Using information provided by the RCI and obtained from published data of The Jockey Club, we submit the following:

Year        # of          # of            # of                 # of Licensed
                Races       Starters    Violations     Trainers
2009      54,121     446,196    565                5,951
2010      50,918     417,192    572                6,071

If two horses are tested from each race and average field size is slightly more than eight horses, then horse racing tests approximately 25% of its participants during each and every of its live events. We would argue this is a standard that is equal to or exceeds the testing in any other sport.

Year        # of                # of Horses     % Positive      % in
                Violations     Tested                                        Compliance
2009       565                108,242           0.52%             99.48%
2010       572                101,836           0.56%             99.44%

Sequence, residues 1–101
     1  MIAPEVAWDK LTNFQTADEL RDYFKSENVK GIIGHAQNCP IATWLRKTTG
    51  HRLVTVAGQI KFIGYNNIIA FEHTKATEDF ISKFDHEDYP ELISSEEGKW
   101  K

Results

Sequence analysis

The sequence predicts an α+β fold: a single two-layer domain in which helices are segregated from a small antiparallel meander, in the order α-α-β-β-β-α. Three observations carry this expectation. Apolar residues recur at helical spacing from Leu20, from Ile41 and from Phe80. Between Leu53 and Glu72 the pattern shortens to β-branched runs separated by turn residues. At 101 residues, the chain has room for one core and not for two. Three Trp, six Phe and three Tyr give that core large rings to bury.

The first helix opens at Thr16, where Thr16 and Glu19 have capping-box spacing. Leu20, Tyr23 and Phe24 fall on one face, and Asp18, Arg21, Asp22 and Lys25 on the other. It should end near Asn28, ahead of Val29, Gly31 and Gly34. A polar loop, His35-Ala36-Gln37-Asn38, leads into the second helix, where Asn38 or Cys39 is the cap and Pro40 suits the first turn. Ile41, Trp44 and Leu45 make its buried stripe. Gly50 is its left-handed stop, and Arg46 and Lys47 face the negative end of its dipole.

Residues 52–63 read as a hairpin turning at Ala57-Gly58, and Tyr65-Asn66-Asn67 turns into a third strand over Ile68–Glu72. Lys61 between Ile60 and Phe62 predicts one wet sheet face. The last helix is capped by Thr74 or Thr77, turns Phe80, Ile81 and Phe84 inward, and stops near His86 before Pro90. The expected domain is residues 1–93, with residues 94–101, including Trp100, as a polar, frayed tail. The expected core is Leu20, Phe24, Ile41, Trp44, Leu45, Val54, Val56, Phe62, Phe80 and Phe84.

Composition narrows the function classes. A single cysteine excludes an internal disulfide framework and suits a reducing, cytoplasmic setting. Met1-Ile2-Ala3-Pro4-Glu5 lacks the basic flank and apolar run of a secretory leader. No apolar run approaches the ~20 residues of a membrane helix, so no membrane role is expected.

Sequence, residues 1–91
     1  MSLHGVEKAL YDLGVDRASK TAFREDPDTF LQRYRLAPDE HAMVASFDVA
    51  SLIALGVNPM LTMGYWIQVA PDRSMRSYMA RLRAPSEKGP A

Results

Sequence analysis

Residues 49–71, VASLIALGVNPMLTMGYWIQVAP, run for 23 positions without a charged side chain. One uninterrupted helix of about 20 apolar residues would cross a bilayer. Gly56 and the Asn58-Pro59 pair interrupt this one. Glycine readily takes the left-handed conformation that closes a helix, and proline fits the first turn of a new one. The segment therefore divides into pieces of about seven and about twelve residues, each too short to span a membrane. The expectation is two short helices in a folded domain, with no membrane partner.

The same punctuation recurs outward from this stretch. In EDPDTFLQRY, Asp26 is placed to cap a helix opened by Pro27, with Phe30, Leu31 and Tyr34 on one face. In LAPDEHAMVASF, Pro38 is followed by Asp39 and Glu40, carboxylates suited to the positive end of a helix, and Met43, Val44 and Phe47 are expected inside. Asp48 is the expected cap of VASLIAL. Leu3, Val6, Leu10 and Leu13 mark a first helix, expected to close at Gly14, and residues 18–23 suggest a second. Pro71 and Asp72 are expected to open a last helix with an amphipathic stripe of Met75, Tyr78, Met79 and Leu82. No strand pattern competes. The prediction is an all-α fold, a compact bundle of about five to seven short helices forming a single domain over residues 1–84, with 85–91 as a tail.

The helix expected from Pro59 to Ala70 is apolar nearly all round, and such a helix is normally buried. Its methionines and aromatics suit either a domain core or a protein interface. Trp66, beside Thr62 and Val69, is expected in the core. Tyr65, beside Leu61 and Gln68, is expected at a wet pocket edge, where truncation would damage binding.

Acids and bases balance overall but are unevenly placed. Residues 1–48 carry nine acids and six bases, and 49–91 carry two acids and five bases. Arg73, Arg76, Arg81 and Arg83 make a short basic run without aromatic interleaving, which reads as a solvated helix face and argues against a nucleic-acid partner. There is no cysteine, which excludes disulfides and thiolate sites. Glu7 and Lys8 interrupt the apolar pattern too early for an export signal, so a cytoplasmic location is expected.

If we consider the Class 1-2-3 violations (4 & 5 cover therapeutic medications) and correlate that to the licensed trainers, with an assumption that no trainer received more than one violation, then:

Year        # of 1-2-3      # of                % Positive      % in
                 Violations     Trainers        Positive          Compliance
2009      117                  5,951             1.97%              98.03%
2010      119                  6,071             1.96%              98.04%

Testing Laboratories
Why have regulators not aimed their “zero tolerance” goal toward the very testing laboratories with which they work?  Perhaps it is because regardless of whether U.S. racing bans race-day medications or not, we will still be left with a ramshackle system of too many testing labs, some without the necessary accreditation and many which use dated equipment and differing procedures – factors which have led to false positives and unfortunately, in some cases, “gotcha” regulatory practices.